Logo of Phnom Penh Post newspaper Phnom Penh Post - Exhibition promotes awareness

Exhibition promotes awareness

Exhibition promotes awareness

exhib.jpg
exhib.jpg

Ratana Thida Ransei, 9, studies a map at the Wat Langka display.

Ratana Thida Ransei, a 9-year-old pupil from Chatomuk Primary School, felt excited

at the photographs of birds flying and fish swimming in the Tonle Sap lake, currently

part of an educational display at Wat Langka.

"It is beautiful to see," said Ransei, seated on a mat with her friend

at the end of her visit. "We have learned about illegal fishing, hunting and

deforestation. If the natural resources are destroyed, this could badly affect our

lives."

The exhibition is run by Krousar Thmei, a local NGO which assists deprived children

and has created this traveling show to raise children's awareness to the importance

of the lake.

A guide from the NGO takes the children around the maps, photographs and paintings

in the hall and explains the meaning of the pictures on each board.

Stephanie Masson, head of communication at Krousar Thmei, said that explaining the

value of natural heritage was the point of the exhibition. She said it was important

to raise awareness of the children to help them understand the benefits of natural

resources on everyone's lives.

She added that the title of the exhibition, Tonle Sap: Source of Life, followed the

destruction of some parts of the lake's resources. The present time was the best

time to start the preservation effort.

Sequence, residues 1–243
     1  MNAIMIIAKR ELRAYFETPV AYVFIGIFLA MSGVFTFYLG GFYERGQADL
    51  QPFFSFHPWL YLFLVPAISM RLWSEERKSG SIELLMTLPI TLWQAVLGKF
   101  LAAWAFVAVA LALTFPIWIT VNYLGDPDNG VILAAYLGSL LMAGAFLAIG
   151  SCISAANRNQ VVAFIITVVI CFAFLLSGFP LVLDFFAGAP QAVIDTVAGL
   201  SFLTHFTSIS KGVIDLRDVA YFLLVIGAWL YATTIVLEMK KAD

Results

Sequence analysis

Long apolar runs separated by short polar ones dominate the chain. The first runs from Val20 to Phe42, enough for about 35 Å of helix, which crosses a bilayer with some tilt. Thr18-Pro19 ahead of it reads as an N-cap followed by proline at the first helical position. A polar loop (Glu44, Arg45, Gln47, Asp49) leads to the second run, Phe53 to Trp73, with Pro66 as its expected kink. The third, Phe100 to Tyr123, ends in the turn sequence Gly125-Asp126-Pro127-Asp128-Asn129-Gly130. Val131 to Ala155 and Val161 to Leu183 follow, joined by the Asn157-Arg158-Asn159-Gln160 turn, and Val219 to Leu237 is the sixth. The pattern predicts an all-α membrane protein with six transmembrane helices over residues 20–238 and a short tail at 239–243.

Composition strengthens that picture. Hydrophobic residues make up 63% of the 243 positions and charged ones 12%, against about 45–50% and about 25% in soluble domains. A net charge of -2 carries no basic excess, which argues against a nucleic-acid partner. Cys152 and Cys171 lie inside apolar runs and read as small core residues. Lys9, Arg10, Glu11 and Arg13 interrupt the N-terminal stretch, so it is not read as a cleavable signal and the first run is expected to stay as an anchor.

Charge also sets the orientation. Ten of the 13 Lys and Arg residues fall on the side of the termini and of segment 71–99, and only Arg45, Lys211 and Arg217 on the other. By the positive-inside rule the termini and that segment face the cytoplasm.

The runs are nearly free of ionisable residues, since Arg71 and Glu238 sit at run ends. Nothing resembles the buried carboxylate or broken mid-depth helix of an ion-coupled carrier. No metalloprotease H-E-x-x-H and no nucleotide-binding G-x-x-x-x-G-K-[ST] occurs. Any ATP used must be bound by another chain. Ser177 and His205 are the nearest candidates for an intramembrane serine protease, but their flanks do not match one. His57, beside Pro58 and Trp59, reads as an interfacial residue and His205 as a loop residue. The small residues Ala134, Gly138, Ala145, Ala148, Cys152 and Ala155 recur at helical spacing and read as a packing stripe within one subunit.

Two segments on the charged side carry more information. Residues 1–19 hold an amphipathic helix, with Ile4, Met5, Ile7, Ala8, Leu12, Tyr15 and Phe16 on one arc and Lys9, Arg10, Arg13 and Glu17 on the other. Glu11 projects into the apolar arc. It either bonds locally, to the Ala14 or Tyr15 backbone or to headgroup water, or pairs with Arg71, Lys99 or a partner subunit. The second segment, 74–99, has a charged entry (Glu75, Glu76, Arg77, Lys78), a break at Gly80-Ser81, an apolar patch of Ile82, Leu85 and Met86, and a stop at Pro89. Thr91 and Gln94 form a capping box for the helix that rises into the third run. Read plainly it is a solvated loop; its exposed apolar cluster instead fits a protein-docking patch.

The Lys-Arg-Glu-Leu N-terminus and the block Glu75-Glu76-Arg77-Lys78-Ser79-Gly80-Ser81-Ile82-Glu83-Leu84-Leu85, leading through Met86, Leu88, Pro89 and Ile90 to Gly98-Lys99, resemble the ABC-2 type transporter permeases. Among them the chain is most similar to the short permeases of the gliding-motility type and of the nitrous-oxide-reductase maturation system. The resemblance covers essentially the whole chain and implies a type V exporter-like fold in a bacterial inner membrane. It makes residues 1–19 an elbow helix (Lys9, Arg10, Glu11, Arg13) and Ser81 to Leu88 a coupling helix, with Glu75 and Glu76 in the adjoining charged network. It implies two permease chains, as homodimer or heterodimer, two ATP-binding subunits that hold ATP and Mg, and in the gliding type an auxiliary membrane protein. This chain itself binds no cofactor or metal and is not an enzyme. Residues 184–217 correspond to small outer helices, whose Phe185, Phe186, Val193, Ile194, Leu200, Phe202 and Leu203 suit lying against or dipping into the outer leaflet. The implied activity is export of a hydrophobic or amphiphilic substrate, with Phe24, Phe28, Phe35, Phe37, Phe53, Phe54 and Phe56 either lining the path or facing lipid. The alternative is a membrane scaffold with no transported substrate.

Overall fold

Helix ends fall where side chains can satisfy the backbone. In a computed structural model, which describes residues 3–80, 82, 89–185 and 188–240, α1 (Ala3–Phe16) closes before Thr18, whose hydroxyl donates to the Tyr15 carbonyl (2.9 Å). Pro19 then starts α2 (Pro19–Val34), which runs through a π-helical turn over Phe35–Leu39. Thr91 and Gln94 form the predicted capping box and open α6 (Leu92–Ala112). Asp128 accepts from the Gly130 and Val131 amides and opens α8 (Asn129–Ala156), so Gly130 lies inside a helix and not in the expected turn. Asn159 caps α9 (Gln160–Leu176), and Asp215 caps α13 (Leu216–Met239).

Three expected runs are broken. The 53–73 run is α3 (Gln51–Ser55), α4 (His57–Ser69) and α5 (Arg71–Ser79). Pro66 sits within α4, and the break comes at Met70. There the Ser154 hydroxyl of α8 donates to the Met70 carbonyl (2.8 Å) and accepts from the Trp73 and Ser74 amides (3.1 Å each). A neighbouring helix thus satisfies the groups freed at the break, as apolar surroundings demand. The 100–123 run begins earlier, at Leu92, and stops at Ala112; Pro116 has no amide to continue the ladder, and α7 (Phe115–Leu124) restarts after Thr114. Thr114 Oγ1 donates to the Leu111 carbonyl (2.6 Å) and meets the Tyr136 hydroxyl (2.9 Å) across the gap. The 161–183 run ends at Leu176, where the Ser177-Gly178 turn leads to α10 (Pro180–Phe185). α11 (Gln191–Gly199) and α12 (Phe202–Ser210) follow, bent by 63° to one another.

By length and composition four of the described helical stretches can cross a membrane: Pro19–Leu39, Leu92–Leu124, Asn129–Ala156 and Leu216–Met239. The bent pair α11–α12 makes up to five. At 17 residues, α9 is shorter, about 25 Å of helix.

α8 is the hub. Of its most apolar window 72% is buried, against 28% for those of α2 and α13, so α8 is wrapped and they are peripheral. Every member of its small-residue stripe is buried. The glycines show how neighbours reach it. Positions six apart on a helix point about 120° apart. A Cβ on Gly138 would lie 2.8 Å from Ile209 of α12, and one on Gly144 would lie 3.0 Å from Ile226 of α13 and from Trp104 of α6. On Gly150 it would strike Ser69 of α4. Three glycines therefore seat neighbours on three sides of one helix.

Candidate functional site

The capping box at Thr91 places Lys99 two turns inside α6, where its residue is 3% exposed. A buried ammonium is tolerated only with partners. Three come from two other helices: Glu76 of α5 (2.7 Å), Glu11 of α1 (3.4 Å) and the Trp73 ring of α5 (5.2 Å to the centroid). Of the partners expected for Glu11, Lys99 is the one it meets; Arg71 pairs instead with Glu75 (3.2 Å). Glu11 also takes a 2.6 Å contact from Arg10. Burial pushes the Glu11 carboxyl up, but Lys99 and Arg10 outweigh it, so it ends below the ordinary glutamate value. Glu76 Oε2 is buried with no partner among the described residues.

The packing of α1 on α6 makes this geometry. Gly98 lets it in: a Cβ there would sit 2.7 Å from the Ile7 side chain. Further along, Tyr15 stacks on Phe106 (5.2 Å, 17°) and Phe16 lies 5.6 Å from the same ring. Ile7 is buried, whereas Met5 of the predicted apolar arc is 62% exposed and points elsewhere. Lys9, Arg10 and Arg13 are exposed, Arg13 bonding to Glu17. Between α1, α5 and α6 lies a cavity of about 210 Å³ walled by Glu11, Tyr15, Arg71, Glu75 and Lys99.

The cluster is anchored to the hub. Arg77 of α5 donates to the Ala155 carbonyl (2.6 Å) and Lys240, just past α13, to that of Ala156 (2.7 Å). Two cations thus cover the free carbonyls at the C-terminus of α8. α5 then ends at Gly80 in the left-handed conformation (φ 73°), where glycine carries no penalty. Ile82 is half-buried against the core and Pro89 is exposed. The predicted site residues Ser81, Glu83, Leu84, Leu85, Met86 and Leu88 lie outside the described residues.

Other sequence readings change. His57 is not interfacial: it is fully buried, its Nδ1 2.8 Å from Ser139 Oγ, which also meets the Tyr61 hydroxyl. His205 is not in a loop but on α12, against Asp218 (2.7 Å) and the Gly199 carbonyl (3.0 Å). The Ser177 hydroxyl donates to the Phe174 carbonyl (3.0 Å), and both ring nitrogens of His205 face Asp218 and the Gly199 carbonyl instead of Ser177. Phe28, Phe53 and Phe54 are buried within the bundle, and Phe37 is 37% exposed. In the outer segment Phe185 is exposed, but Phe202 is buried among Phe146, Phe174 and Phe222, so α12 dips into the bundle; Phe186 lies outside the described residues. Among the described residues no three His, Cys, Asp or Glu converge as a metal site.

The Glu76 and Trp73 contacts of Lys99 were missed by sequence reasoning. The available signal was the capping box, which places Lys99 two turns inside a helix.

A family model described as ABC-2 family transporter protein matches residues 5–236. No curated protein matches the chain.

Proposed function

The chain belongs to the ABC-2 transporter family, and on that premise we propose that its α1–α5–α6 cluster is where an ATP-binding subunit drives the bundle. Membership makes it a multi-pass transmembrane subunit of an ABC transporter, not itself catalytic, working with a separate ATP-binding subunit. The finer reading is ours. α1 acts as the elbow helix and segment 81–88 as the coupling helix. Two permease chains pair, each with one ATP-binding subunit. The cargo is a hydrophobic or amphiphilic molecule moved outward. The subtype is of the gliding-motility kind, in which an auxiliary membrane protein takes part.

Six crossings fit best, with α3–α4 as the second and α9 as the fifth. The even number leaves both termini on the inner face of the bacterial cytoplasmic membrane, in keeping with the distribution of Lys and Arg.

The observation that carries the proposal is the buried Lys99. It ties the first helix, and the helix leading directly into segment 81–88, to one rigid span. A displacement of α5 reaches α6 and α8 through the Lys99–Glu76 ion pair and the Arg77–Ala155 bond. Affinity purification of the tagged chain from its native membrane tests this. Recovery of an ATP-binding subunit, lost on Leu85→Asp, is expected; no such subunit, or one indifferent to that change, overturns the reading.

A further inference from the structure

Masson said that the Tonle Sap was under huge pressures from illegal activities such

as dynamite fishing, poisoning, hunting and clearing of flood forests. All these

actions damaged the lake's rich habitat.

"Some parts of the Tonle Sap lake could be endangered in coming years if we

do not really pay attention," said Masson. "So it is important to educate

the children while they are small. When they are adults they will know the importance

of natural resources and will be less likely to engage in illegal activities."

Phal Vichea, aged 8, shared Ransei's thoughts about the importance of the lake. He

said that he had often seen fishermen illegally catching baby fish and also fishing

outside the legal season.

"The teacher [Krousar Thmei's guide] told us that if the birds disappear, the

mice and insects will increase and that will badly damage our crops," said Vichea.

Pascal Favrel, coordinator of the touring part of the exhibition, said that four

classes of school children visited each day. Since most Cambodians were too poor

to come to the capital to see the show, the show would go to them.

It will visit the provinces around the Tonle Sap including Kampong Chhnang, Pursat,

Battambang, Pailin, Banteay Meanchey, Kampong Thom and Kampong Cham, after it finishes

in Phnom Penh November 30.

MOST VIEWED

  • Angkor Wat named as the top landmark for the second year

    Travel website TripAdvisor has named Cambodia’s ancient wonder Angkor Wat as the top landmark in the world for the second year running in their Travelers’ Choice Award 2018, an achievement Cambodian tourism operators expect will attract more tourists to the Kingdom. The website uses traveller

  • New US bill ‘is a violation of Cambodian independence’

    After a US congressmen introduced bipartisan legislation that will enact sanctions on Cambodian officials responsible for “undermining democracy” in the Kingdom, government officials and the ruling Cambodian People’s Party on Sunday said they regarded the potential action as the “violation of independence and sovereignty

  • Hun Sen detractors ‘will die’

    Prime Minister Hun Sen on Wednesday said those who curse or insult him would eventually die without a plot of land to bury their bodies after being killed by lightning, suffering the same fate as those who recently died in Thmar Baing district in Koh

  • Ministry’s plan for net sparks fears

    The government has ordered all domestic and international internet traffic in the Kingdom to pass through a Data Management Centre (DMC) that has been newly created by the state-owned Telecom Cambodia, in a move some have claimed is an attempt to censor government critics. Spokesman